Art & Photography
Art and Photography
- Published: 05 May 2009 05 May 2009
Warwick artists Janet and Louis Fatta determined early on that they would pursue their passion parallel to their busy family life. Janet, a painter, and Louis, a metal sculptor, met at Pratt Institute as students, married, became parents, and with clear vision and a few faithful relatives and friends built a classic pole barn on their property to separate the crayons from the oils and the clothing iron from the anvil.
Janet works in the large loft space, where abundant northern light enters and falls on her canvases. The products of her skill and expertise are everywhere. When not giving lessons, she works in alternating mediums according to her mood on any given day. Subjects range from perfectly rendered nude charcoals to candy colored oil abstracts (inspired by a trip to the Museum of Natural History’s Cosmic Collision Space Show). Annual Christmas portraits of the extended family-- one all in shades of blue, a tribute to her appreciation of Picasso’s Blue Period, depict the large extended family’s poignant idiosyncrasies as they gather around the holiday table.
In the middle of the studio on a high stool, sits a lemon on a simply patterned plate. Its brilliant still-life likeness mirrors back from a nearby easel. When asked, “Why a lemon?” she recalls the bagful that she bought but couldn’t use up. Then with a nod to creative license she shrugs, “Because it was there. And I like lemons.” Janet’s talent is at once bold, yet sweetly unsung.
In addition to the routine interruptions these two dedicated artists face as parents, they admit that it is a challenge to contend with each other’s coveted time in the studio. They must constantly defer to fairness as one takes up house duty while the other grabs a block of time in the studio. They smile in agreement about the tension, but there is no complaining. They are obviously at peace with their choices.
Louis is an art teacher in Rockland County by day, and an actively working sculptor at every other available opportunity. The barn’s ground level is his domain. It sports its original hard packed dirt floor and in the center, tool of his trade, a welding machine. The doors face the woods and not fifty feet out, a steep ravine drops down to a noisy little brook. Many of his pieces are scattered around outside, seemingly by random among overgrown grasses, weeds and trees. Pitted by rust and weather, they appear at home: vestiges of urban energy juxtaposed with shapes of nature, like omens for seeing eyes. As Fatta explains his artistic objectives it becomes clear that the apparent randomness is intended-- implying man’s cavalier footprint on a vulnerable earth.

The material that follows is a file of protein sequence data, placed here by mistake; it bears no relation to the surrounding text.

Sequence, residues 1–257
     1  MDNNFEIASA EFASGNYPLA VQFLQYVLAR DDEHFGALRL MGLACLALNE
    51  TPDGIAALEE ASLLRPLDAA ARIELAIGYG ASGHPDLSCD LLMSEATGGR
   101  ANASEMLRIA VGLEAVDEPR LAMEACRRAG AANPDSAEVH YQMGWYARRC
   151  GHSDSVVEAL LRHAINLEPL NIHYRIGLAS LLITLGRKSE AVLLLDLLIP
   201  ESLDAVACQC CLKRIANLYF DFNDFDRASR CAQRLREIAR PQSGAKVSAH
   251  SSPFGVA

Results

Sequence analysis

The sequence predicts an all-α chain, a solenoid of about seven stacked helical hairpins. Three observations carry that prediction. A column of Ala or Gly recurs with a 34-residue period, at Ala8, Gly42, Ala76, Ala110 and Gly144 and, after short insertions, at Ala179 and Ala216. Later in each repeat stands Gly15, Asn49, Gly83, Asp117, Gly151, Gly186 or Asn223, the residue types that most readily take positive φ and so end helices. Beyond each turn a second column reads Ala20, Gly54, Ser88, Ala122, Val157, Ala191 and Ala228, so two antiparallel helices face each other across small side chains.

Fatta chooses a few profoundly representative shapes including the automobile, the raven and the ant, stacked in varied combination, as totems to humanity’s heedless stamp and nature’s relentless capacity to compensate. Cut in minimal silhouette, their relationships become intuitively apparent. The automobile, catapult to the industrial revolution. The raven, scavenger/sentinel. The ant, carrion consumer. Wrought in welded steel they stand, mute tattletales on civilization’s successes and its sins.
One of Fatta’s major influences is Romanian sculptor Constantin Bancusi, whose non-literal representations reflect “… not the outer form but the idea, the essence of things…” and the impossibility “for anyone to express anything essentially real by imitating its exterior surface.” This ideology shows up for instance, in the semi circle spaces where wheels would fit under cuts that form the automobile bumpers. No motion here. Just the mind of motion. Or again, in the relatively realistic ant set on small garage door wheels. Ants don’t skate. But they don’t stop either. Like commuters in cars.
As recurring imagery is manipulated, new images are introduced, such as a rectangular skyscraper among tall wavy weeds. And new messages of growth, decay, recovery and resolution materialize.This layering and reworking is a little like Janet and Louis and their kids and their dog. Only their skyscraper looks like a pole barn. Their car is an SUV. And you might find a few ants among the cookie crumbs on the counter. All a cheerful totem to the grounded artist’s life.